World food prices remain near record-high levels, according to the latest UN world food price index, and they're expected to climb even higher.
The index hit a record in January and has not come down much since.
Today's high prices come less than three years after the index hit its previous peak in 2008.
"I'm not surprised at all," says Shenggen Fan, head of the International Food Policy Research Institute. "The factors that pushed food prices higher remain the same."
Food for fuel
He says one of the biggest factors pushing up food prices is the growing use of food crops to produce fuel.
In just the last few years, ethanol production from maize has skyrocketed in the U.S. In Brazil, it's sugar cane. And in Europe, fields of canola are sprouting up to produce biodiesel.
That means food and energy prices are more closely linked today than they were before the biofuels boom, says Iowa State University economist Dermot Hayes.
But that's just one way food and fuel prices are connected, he adds, "the second one being the increase in transportation costs."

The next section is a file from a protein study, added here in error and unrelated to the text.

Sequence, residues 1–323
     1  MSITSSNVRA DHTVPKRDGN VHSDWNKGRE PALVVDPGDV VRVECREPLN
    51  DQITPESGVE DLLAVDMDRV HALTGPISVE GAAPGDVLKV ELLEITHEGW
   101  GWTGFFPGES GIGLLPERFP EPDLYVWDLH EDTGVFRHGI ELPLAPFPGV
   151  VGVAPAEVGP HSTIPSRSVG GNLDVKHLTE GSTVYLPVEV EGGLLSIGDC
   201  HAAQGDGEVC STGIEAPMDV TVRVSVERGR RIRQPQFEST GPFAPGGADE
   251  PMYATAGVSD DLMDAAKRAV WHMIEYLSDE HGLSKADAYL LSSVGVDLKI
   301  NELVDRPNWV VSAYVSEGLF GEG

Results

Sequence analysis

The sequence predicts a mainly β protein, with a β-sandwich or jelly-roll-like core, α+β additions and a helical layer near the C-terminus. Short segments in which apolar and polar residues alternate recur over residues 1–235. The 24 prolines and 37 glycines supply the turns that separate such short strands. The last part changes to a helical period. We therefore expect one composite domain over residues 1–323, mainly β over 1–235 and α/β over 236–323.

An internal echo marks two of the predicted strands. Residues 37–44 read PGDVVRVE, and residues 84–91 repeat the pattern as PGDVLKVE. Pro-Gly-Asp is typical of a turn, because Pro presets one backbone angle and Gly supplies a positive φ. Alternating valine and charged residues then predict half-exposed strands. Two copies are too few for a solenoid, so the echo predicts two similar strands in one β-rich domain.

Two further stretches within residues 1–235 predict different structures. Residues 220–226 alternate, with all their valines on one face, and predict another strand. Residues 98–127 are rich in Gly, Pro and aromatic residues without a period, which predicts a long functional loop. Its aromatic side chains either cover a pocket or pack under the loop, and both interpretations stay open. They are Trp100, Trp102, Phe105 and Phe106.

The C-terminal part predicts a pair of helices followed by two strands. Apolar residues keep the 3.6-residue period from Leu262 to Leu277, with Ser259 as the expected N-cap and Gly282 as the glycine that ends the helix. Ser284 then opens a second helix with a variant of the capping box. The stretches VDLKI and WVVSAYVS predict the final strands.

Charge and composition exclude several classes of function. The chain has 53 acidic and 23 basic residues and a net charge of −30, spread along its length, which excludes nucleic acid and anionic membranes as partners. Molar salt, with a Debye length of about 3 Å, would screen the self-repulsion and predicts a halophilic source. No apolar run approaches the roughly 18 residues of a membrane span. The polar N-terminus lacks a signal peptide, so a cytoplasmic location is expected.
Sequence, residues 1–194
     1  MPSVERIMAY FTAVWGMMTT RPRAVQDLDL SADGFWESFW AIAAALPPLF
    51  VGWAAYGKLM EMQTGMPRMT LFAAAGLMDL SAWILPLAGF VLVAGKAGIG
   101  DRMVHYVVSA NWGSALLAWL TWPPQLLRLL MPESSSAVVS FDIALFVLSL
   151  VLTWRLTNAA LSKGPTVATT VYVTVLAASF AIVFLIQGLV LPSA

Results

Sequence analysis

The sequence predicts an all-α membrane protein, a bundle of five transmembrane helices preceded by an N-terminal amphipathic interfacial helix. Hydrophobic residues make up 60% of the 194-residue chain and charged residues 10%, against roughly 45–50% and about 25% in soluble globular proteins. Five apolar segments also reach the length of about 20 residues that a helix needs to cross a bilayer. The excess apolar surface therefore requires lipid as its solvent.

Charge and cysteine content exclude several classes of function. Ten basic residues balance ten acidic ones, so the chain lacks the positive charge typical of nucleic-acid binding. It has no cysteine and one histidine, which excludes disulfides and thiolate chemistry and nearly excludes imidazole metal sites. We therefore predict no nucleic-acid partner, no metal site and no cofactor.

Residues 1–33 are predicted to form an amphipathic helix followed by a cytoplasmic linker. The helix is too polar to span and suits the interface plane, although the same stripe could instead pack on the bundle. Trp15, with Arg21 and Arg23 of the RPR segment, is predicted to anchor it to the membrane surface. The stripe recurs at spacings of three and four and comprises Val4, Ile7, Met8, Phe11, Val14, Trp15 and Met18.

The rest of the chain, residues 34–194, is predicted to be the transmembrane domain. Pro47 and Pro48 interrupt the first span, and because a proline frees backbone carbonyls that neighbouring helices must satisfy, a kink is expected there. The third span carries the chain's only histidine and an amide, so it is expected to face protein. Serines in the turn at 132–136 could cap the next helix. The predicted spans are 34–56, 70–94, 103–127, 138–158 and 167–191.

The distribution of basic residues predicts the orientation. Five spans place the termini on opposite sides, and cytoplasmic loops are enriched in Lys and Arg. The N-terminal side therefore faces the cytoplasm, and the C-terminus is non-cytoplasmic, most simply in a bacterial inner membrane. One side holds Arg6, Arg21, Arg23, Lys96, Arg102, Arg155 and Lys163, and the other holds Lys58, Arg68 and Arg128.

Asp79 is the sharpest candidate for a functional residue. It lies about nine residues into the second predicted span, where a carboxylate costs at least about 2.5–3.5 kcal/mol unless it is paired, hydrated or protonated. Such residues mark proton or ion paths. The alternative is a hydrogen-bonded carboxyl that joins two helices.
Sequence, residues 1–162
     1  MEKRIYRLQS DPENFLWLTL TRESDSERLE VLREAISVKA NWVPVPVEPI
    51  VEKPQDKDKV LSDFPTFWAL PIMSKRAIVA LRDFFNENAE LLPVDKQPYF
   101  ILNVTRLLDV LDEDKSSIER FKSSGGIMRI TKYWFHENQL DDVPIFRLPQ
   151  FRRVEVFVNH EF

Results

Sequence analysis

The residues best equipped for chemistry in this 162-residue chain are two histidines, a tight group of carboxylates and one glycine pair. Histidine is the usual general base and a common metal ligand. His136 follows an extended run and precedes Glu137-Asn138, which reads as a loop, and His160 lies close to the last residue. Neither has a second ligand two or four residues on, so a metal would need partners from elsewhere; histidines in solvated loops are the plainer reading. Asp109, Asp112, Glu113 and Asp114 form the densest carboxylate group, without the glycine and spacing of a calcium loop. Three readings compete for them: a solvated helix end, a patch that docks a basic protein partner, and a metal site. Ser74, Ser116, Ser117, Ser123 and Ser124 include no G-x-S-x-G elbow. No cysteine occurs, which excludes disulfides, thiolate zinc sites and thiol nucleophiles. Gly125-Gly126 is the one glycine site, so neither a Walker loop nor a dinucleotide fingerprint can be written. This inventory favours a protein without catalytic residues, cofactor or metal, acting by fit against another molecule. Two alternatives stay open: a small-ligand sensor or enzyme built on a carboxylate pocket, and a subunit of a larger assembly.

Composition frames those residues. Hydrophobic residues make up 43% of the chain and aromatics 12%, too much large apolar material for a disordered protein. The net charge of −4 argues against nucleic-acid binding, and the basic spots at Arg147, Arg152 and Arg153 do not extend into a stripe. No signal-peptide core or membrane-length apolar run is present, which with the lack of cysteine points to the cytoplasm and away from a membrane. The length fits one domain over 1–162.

Transporting food from field to fork costs more when fuel prices are high. And it also costs more to run the trucks, tractors and machinery to produce it.
The cost of prosperity
Meanwhile, the demand for food is growing where prosperity is increasing and diets are changing, especially in emerging economies such as China, India and Brazil.
"They deserve a good life. So they want to eat more meat, more diversified food," Fan says. "And that all demands more feed, more grains."
Fan notes that it takes several kilograms of grain to produce each kilogram of meat.
The tremendous global growth in the demand for grains means farmers in the major producing countries need to produce ever-larger harvests.
But last year the weather did not cooperate.
"The midwestern part of the U.S. had too much rain," Hayes says, "and just about everywhere else in the world had too little rain. In particular, Eastern Europe had too little rain. It caused both Russia and Ukraine to literally cut off exports of wheat."
Russia and Ukraine's export ban started prices climbing last July.
Eastern Europe is doing better this year, but the midwestern U.S. is not, Hayes says.
"We're really dry right now, so it's the opposite of last year," he says. "But I personally am getting more and more concerned about the size of the U.S. crop, both for corn and soybeans. So, potentially, things could evolve next year as they did last year and we could see higher prices next year as well."
Hayes says high prices are actually good news for farmers. They will encourage farmers around the world to produce more.
The question is whether they will produce enough to keep up with the ever-growing demand, and if weather extremes brought on by climate change will make it harder for them to do so.